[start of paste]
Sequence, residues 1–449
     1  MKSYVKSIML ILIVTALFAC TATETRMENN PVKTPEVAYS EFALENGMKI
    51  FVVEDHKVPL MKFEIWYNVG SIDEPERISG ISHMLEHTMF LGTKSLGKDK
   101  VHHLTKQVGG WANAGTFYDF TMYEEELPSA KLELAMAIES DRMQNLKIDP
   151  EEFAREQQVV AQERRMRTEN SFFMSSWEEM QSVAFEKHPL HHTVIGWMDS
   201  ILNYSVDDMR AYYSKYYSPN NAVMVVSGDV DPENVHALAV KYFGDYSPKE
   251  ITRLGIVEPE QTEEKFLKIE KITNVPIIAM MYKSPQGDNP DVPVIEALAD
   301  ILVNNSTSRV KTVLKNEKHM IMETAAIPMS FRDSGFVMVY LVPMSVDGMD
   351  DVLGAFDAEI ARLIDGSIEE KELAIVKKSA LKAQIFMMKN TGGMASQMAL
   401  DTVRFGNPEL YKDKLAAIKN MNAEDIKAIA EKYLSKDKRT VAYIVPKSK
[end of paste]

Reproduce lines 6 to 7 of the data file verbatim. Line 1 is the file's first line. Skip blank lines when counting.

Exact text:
   201  ILNYSVDDMR AYYSKYYSPN NAVMVVSGDV DPENVHALAV KYFGDYSPKE
   251  ITRLGIVEPE QTEEKFLKIE KITNVPIIAM MYKSPQGDNP DVPVIEALAD